New Orleans, La. – A major unknown is whether the mud can push the oil back directly down the well and into the undersea reservoir. Coast Guard Admiral Thad Allen says pressure readings will be closely watched as each barrel of mud makes its way into the containment cap at the wellhead.
New Orleans, LA – Northshore commuters who drive across the Causeway may have a new development in the horizon. Reporter Jollaine Schear speaks with the founders of a recent innovation in transportation which could make driving across the bridge a distant memory and just might lead to a smoother ride.
New Orleans, La. – Heavy mud will be pumped slowly into the well early this week. The process called a static kill would stop if the pressure gets too high. But Coast Guard Admiral Thad Allen says he's confident the well can handle the strain.
"That could result in us filling the entire well up, bringing the pressure to zero. And if that's the case, then we've taken away about half the job that we will need to do from the bottom."
New Orleans, La. – The first of two steps is called a static kill, which Coast Guard Admiral Thad Allen says should begin Monday night or Tuesday morning.
"The static kill is not the end-all be-all. In fact kill' may even be a misnomer. What we're really doing is, we're going to be conducting a static test and see if the well can have mud pumped in at a very low rate."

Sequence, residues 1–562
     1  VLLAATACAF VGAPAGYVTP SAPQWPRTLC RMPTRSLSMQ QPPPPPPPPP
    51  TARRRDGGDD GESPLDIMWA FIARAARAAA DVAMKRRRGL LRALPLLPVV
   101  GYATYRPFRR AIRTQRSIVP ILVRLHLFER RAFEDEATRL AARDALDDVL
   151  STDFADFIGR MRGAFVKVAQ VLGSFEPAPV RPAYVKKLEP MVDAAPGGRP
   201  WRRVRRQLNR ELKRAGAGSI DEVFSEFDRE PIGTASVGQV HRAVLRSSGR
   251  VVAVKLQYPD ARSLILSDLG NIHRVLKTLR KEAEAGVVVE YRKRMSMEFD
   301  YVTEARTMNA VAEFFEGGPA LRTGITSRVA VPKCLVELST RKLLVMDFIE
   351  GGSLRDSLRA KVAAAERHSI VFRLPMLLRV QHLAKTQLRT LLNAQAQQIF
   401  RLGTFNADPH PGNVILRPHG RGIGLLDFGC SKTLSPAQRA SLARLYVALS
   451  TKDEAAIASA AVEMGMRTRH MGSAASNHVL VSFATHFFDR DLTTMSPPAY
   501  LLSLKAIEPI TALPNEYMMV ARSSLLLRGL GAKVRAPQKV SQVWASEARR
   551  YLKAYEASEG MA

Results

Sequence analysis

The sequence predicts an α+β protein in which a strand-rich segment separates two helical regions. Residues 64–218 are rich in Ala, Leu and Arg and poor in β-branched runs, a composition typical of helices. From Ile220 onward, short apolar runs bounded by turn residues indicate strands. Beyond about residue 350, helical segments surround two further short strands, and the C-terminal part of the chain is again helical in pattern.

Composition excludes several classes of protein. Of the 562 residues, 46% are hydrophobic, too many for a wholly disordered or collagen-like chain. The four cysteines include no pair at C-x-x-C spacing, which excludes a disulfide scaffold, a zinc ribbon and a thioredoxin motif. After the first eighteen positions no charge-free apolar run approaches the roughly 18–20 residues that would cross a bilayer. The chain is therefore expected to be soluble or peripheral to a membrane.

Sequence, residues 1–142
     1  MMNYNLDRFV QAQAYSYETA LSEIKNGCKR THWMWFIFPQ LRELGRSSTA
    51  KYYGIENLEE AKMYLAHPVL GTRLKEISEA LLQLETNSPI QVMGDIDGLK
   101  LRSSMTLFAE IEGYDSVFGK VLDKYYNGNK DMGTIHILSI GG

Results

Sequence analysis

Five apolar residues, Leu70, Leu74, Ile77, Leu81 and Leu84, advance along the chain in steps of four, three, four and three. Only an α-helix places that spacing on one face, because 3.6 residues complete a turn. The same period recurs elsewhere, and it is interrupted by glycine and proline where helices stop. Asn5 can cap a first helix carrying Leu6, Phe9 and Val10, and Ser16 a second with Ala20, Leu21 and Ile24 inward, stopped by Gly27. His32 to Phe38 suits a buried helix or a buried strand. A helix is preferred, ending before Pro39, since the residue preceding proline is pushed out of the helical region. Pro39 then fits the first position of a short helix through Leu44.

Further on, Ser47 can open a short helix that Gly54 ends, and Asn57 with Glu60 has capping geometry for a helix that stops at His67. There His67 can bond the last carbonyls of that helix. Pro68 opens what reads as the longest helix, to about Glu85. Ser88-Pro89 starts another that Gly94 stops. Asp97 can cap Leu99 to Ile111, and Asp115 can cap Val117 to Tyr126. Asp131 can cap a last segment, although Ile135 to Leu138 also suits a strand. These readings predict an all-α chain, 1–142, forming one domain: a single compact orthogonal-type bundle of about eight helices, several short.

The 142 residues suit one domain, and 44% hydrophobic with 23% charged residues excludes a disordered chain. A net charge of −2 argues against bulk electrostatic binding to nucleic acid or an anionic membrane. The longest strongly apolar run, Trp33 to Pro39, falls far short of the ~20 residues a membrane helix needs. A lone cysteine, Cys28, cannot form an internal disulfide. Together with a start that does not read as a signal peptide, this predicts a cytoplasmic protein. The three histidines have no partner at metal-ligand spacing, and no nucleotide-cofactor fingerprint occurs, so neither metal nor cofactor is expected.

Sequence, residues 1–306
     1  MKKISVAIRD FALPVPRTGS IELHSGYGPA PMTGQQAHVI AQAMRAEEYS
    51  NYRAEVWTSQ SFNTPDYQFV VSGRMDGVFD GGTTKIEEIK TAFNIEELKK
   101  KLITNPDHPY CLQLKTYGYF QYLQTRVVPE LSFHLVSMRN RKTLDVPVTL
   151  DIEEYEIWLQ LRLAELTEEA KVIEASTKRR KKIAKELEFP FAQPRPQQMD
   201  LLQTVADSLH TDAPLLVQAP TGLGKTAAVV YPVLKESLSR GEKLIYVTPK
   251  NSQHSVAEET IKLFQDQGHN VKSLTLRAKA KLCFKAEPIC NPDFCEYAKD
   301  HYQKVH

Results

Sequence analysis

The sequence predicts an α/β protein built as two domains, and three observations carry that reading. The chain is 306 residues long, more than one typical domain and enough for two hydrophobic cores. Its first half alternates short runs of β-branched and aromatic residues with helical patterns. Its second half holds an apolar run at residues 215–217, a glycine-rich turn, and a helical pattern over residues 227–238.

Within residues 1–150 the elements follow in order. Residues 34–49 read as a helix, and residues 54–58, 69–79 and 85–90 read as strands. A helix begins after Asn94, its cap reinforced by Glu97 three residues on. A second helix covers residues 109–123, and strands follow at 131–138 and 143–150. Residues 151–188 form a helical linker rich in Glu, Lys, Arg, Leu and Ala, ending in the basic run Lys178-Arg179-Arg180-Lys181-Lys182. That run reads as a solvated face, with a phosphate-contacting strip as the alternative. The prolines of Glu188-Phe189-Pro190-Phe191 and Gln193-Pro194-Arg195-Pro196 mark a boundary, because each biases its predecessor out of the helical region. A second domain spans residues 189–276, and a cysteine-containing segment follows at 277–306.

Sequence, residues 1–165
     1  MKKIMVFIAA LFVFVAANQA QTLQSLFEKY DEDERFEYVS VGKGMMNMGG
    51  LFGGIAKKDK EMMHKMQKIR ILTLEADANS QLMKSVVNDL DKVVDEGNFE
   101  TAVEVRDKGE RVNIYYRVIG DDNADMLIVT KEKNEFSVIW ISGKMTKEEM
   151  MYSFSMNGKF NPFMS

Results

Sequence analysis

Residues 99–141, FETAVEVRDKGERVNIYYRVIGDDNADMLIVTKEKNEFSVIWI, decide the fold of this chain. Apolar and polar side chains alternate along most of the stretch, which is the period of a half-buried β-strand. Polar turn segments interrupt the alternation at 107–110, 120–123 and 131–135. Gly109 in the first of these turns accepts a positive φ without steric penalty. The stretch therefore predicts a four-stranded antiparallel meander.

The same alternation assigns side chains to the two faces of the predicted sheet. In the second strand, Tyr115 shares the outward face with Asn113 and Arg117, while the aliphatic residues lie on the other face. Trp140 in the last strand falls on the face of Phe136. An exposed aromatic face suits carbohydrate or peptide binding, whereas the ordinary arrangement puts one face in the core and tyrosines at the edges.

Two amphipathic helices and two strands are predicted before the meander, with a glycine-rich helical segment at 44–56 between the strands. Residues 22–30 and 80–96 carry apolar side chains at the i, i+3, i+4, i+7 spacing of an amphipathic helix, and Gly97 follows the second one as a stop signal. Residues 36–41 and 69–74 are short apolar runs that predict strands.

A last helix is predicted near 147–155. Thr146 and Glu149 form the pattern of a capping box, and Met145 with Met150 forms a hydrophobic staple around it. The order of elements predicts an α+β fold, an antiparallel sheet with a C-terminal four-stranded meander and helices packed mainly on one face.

New Orleans, La. – Coast Guard Admiral Thad Allen says operations will be delayed a day or so. Debris was found inside the relief well that's set to plug the broken well with mud and cement.
"Some of the sediment around the sidewall just kind of fell in on itself. If you can imagine if you drilled a hole and did not put a pipe down to reinforce it. We had about 40 feet of where it just - it settled in on itself. It's not a huge problem."
Resurrected recipes and logos keep the long, local McKenzie's baking tradition going in New Orleans, while members of the chain's original family owners continue to turn out their own fried chicken.
The McKenzie's Pastry Shoppes of New Orleans were born in the Great Depression, not an easy time for a new business to get started. Maybe that has something to do with why the old brand is so darn tough.
Marilyn Barbarin knew from a very early age that she would be a singer. It began when a priest at her school in New Orleans heard her singing in the girls' bathroom, where she was taking an unapproved break from class. But instead of facing punishment, she was taken to a recording session at the now-shuttered Nola Studios.